Australia is about to embark on one of the steepest exposures to new technology ever recorded.
Most of the world’s carmakers will within ten years be selling more electric and hybrid vehicles than petrol models. Several prominent brands like Jaguar and Mini will produce nothing but EVs after 2025, yet locally we are only on the cusp of accepting power units that don’t require hydrocarbons.
Look back 100 years or more and that wasn’t the case. Loads of personal transportation was powered energy sources other than petrol – or gasoline as it was known– and Australians were happy to be seen perched atop any of them. We even made innovative vehicles here.
Steam-power had existed for more than a century prior to the motor vehicle becoming popular. Early ones were grimy, cumbersome, and intended to haul heavy loads but no one was surprised when various manufacturers started fuelling their passenger conveyances with coke and wood.
Europe led the way in development but it was Stanley in the USA that made steam cars fast, powerful and profitable. One held the Land Speed Record for steam powered vehicles (204km/h) for over 100 years.
In 19th Century Australia, David Shearer built a steam-driven carriage with seating for eight people which he demonstrated in 1899 but didn’t put into production.
Seventy of so years later, another local inventor devised his own steam-powered vehicle; the futuristic and utterly gorgeous Gvang. It was said to develop 300kW from a twin-piston steam engine mounted above the rear wheels and reportedly still exists.
Electric vehicles were and will be again the cleanest and most practical alternative to internal combustion engines and for a while they looked like becoming dominant.
Credit for the first viable electric vehicle is given to UK inventor Thomas Parker, who displayed his prototype in 1884. That was two years before Karl Benz and his trike. Among a range of achievements, Parker also brought electrification to the London underground, but he was not the only pioneer of electrically powered transport.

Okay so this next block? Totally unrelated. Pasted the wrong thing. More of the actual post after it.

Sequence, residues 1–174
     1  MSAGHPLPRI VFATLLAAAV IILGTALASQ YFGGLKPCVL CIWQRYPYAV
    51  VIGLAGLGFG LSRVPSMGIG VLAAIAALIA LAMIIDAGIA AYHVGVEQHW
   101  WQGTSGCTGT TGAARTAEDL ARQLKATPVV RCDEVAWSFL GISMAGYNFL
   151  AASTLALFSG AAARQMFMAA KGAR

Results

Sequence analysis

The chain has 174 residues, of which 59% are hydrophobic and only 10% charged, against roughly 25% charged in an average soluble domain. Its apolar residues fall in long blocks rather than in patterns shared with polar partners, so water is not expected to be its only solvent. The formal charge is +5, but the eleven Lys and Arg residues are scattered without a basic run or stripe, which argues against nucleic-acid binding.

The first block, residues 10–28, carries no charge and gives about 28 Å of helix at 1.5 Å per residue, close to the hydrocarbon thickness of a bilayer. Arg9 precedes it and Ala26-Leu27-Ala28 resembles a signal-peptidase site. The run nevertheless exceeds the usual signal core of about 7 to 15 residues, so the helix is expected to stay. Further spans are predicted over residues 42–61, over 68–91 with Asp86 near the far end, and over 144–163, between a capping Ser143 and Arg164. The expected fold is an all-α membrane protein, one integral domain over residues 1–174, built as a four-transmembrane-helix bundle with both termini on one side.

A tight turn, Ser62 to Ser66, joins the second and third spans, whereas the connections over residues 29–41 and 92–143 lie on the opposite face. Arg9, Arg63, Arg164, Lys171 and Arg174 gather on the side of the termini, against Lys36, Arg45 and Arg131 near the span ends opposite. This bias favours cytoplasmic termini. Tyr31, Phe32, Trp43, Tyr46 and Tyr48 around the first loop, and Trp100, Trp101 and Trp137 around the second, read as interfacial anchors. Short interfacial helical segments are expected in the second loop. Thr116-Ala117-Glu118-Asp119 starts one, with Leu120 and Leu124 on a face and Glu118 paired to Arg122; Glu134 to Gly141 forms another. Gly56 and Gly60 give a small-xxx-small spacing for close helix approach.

Credit must also be heaped on French visionary Gaston Plante for his rechargeable lead-acid battery and various other engineers whose work dated back to the 1820s.
By the 1890s, manufacturers on both sides of the Atlantic were building more viable and sophisticated models, and no one did it better than Belgian Camille Jenatzy. He in 1899 built a torpedo on wheels, with twin 25kW electric motors, and became the first human to drive a motorcar at more than 100km/h.
The United States literally went crazy for electric vehicles and by 1912 when annual automobile sales had reached 350,000 – 78,000 of them Fords – almost 40,000 were electrically powered.
Many were cabs or delivery vans which travelled short distances on city streets and could be recharged overnight. Other models including the Studebaker and Detroit Electric were elaborate carriages aimed at wealthy buyers who disliked the noise and smell of a gasoline engine.
Once self-starting cars became commonplace, demand for electric vehicles dwindled to nothing. Interest resurfaced during the 1940s when wartime fuel rationing took effect, then in the 1950s due to a blockade of the Suez Canal which affected supplies of oil.
In Britain, milk delivery floats were traditionally electric; gliding along early morning avenues accompanied only by the sound of foil-sealed bottles rattling in their crates.
Finding an electric car during the late 20th Century was very hard and not helped by General Motors’ decision to suddenly abandon its very promising Chevvy Volt.
Today though, Europe has very much adopted the electric vehicle and in countries such as Norway and the Netherlands they outsell petrol and diesel models. China is also becoming a major market for plug-in transportation.
Australia with our huge distances and limited access to recharging points will take time to adopt EV technology. However, it is inevitable since we no longer have the means to produce our own cars that anyone buying a new passenger vehicle after 2030 will have little choice but to go electric.
Early adopters who already have an EV and use it for short runs over minimal distances have a good friend in Enthusiast Insurance. With premiums structured to benefit those who don’t travel far, Enthusiast is a logical choice for anyone who has gone electric or is considering one for the future.
To compare Enthusiast’s rates and coverage log into www.enthusiast.com.au and select Quick Quote.